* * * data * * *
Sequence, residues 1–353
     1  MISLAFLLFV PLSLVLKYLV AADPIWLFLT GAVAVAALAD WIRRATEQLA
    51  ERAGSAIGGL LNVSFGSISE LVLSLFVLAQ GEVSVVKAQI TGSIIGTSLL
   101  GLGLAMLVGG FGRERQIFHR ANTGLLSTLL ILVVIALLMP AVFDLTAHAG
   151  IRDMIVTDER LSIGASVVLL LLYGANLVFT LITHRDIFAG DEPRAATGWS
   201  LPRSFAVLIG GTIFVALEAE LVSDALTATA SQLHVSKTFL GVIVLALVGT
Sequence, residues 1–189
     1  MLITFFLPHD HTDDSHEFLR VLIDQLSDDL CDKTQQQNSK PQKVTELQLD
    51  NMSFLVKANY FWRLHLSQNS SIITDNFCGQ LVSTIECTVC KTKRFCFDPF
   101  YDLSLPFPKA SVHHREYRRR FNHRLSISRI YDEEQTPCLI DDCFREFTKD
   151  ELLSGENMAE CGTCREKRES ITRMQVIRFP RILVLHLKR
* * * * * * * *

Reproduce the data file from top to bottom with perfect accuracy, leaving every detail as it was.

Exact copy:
Sequence, residues 1–353
     1  MISLAFLLFV PLSLVLKYLV AADPIWLFLT GAVAVAALAD WIRRATEQLA
    51  ERAGSAIGGL LNVSFGSISE LVLSLFVLAQ GEVSVVKAQI TGSIIGTSLL
   101  GLGLAMLVGG FGRERQIFHR ANTGLLSTLL ILVVIALLMP AVFDLTAHAG
   151  IRDMIVTDER LSIGASVVLL LLYGANLVFT LITHRDIFAG DEPRAATGWS
   201  LPRSFAVLIG GTIFVALEAE LVSDALTATA SQLHVSKTFL GVIVLALVGT
Sequence, residues 1–189
     1  MLITFFLPHD HTDDSHEFLR VLIDQLSDDL CDKTQQQNSK PQKVTELQLD
    51  NMSFLVKANY FWRLHLSQNS SIITDNFCGQ LVSTIECTVC KTKRFCFDPF
   101  YDLSLPFPKA SVHHREYRRR FNHRLSISRI YDEEQTPCLI DDCFREFTKD
   151  ELLSGENMAE CGTCREKRES ITRMQVIRFP RILVLHLKR